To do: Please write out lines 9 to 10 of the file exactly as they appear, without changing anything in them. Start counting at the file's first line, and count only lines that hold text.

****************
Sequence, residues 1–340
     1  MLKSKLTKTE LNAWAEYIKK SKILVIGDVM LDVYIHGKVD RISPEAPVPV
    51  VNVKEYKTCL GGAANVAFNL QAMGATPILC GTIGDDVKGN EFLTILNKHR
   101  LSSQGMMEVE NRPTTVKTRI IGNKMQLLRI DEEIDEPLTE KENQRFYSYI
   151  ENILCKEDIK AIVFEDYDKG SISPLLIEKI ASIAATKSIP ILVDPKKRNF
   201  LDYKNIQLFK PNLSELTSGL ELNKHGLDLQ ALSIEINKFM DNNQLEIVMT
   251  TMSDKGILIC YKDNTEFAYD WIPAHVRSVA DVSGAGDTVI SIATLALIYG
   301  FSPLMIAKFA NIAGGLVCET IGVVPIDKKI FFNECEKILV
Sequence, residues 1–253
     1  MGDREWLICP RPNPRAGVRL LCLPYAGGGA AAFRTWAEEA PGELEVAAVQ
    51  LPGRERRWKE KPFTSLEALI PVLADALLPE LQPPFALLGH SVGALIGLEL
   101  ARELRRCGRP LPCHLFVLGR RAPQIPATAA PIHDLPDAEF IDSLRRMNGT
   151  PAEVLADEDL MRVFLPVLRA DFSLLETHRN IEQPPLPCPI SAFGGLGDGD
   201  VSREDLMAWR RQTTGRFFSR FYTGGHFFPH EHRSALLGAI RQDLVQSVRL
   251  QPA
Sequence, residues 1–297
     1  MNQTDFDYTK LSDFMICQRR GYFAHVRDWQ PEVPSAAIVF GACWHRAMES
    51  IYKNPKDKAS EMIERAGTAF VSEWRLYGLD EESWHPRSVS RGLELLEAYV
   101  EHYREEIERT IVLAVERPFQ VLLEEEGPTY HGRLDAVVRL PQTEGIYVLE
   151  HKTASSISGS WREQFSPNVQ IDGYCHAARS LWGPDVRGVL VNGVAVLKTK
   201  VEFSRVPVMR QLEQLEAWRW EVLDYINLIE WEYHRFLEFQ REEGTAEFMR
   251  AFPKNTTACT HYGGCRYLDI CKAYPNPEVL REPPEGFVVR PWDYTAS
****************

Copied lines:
Sequence, residues 1–253
     1  MGDREWLICP RPNPRAGVRL LCLPYAGGGA AAFRTWAEEA PGELEVAAVQ